I studied Physics Engineering at Politecnico di Milano (Milano, Italy), where I earned a bachelor’s degree followed by a master’s degree. Both of them consisted mainly of solid state physics classes, with a particular focus on semiconductors (for electronics and photonics application) and magnetic nanostructures. My first experience in research was at the European Synchrotron Radiation Facility (Grenoble, France), where I spent 10 months working as a trainee for my master thesis project.
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Brief description of project:
Transmembrane proteins (TMPs) bring particular challenges to the structural biologist throughout structure determination. This project leverages recent advances in TMP multi-crystal data collection using micron sized X-ray beams and in structural bioinformatics methods, aiming to increase the efficiency of TMP structure determination.
At Liverpool, the student will work at the interface between structural bioinformatics and experimental structural biology, devising software solutions to help solve more TMP targets by Molecular Replacement (MR). These solutions will exploit the recent availability of evolutionary covariance-based predictions of contacting residue pairs. This additional information, readily obtained for targets in medium to large protein families, will drive three routes of unconventional MR. First, TMP-specific contact predictors will be used to build better ab initio models. Secondly, an innovative fragment-based approach to MR will be explored, using contact predictions to select promising structural fragments, containing multiple secondary structure elements, to act as MR search models. Thirdly, emerging software to align (predicted) contact maps will be use to match (regions of) targets to (regions of) PDB entries, identifying structural units, distantly related or unrelated, that may serve as search models.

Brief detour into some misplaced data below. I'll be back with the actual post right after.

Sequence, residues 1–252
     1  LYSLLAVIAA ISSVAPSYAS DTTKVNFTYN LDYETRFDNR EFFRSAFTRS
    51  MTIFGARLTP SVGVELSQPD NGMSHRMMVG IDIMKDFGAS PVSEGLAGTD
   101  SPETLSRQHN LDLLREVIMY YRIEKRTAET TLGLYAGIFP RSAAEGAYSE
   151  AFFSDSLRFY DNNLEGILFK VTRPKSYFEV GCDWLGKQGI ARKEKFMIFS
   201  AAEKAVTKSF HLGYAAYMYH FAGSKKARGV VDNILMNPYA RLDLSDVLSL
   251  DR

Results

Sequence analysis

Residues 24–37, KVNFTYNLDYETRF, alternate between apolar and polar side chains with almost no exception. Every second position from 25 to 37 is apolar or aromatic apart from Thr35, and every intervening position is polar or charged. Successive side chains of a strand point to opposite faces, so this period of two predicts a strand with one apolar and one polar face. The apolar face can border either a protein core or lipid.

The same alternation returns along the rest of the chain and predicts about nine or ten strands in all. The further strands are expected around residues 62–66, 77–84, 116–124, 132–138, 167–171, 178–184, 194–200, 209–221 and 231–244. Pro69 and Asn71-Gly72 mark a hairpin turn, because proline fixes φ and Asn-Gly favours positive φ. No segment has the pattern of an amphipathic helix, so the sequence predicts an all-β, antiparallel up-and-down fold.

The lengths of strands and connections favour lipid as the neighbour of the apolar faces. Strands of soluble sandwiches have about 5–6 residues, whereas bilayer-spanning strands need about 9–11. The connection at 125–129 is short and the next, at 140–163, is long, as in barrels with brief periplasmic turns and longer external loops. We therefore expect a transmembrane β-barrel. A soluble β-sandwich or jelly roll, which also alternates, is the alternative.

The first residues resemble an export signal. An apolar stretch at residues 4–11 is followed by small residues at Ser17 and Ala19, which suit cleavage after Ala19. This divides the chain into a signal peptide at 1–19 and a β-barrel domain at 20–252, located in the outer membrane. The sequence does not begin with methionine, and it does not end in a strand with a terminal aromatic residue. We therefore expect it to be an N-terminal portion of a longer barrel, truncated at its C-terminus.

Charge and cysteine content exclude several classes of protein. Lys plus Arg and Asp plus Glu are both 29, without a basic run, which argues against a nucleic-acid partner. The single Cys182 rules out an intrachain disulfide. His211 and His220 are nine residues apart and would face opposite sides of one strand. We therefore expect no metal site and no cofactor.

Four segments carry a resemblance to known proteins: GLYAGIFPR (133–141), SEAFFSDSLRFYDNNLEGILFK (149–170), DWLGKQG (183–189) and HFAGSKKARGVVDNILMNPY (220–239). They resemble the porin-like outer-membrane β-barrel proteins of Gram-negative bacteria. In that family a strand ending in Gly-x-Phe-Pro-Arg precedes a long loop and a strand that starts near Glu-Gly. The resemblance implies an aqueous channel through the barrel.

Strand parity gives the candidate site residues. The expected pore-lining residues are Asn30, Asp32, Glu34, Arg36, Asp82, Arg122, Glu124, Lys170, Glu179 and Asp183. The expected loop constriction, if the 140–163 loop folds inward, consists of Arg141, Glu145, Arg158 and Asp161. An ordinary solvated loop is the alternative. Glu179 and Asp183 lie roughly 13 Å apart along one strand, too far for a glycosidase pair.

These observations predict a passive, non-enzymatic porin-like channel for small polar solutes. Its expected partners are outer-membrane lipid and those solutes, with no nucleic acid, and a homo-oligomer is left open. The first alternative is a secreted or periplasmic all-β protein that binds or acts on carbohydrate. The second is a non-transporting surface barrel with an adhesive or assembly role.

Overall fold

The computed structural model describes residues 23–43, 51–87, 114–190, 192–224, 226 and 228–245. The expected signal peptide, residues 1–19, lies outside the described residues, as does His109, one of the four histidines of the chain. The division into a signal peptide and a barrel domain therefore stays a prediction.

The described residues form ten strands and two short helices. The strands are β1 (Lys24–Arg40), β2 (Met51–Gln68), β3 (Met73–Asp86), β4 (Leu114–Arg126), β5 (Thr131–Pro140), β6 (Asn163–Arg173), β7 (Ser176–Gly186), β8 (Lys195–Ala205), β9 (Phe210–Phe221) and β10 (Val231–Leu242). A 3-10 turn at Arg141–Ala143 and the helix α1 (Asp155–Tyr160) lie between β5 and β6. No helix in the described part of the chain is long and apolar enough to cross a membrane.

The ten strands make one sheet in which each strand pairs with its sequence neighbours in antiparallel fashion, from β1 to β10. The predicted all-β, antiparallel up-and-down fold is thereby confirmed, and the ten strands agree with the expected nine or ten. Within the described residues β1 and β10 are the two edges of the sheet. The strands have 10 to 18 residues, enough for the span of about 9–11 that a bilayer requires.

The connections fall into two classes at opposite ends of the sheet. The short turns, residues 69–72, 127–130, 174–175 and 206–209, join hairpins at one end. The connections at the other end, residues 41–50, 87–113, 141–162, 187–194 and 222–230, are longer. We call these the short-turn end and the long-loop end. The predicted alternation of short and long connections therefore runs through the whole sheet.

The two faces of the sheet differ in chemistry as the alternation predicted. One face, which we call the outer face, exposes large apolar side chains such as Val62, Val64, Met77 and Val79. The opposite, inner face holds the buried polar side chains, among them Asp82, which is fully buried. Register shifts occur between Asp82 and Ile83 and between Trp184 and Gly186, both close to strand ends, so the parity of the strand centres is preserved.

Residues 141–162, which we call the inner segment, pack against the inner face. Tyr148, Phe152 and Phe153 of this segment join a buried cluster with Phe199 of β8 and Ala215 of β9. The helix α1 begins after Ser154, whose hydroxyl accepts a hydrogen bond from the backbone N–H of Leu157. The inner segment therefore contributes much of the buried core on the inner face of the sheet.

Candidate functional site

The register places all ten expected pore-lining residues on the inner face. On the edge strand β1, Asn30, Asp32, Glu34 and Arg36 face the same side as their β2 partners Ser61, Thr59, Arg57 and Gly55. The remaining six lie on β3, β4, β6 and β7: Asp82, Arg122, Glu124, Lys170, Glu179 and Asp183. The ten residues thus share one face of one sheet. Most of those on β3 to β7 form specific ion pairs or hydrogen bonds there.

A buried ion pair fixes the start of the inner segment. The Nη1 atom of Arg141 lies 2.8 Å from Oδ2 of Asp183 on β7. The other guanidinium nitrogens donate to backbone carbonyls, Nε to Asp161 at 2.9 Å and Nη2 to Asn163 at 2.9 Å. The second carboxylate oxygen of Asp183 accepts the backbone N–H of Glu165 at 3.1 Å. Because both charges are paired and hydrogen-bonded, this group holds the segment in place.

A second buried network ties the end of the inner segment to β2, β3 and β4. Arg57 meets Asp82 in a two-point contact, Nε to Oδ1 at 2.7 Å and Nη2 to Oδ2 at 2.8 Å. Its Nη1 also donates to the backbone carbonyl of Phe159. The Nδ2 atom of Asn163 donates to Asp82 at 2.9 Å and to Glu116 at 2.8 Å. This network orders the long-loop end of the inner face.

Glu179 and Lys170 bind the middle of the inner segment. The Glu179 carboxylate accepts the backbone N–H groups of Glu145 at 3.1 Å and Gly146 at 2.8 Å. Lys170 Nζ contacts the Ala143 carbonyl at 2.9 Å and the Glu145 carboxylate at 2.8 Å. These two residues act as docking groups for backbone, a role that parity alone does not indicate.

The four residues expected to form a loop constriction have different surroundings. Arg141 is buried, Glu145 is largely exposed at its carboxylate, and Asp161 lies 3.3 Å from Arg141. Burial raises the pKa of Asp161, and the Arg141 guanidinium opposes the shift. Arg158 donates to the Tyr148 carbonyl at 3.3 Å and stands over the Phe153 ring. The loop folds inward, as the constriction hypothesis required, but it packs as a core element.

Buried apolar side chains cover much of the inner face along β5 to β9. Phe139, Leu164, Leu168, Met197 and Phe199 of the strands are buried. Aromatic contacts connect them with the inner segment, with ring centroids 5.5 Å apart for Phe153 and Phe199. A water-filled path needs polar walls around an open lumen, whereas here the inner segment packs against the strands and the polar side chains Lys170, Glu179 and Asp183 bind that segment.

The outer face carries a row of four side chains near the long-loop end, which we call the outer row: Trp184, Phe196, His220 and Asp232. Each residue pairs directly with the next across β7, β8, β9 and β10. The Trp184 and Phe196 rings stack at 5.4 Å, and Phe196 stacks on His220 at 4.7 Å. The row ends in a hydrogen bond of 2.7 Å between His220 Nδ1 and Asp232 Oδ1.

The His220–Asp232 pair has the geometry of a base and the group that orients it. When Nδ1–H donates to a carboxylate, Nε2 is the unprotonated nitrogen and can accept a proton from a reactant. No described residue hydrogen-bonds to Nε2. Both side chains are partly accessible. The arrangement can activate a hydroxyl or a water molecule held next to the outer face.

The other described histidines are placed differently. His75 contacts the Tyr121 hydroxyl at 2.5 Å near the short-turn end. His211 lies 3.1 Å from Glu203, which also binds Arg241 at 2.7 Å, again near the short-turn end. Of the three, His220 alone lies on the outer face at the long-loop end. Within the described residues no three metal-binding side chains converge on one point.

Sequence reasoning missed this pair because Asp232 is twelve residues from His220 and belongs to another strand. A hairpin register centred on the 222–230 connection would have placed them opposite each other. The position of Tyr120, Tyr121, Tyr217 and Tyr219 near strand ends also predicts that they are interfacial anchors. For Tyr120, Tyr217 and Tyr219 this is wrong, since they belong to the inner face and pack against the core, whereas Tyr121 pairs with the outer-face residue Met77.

At Diamond, the student will explore effective methods for the measurement and analysis of TMP diffraction data will be explored using both X-ray and electron diffraction approaches. This will encompass TMP crystal sample preparation, data collection and analysis. The student will devise and characterise novel metrics of data quality and distribution and test their relationship to solvability using the novel MR methods developed in Liverpool. The results will also feed into ongoing machine learning-based efforts to predict target tractability from characteristics of the crystal itself and data it yields.
The training element of the project is strong, from software development through to use of cutting edge infrastructure at Diamond - the VMXm beamline and Electron Diffraction facilities.
Applications to this studentship are now open. APPLY NOW
Application deadline: Friday, April 06 2018.
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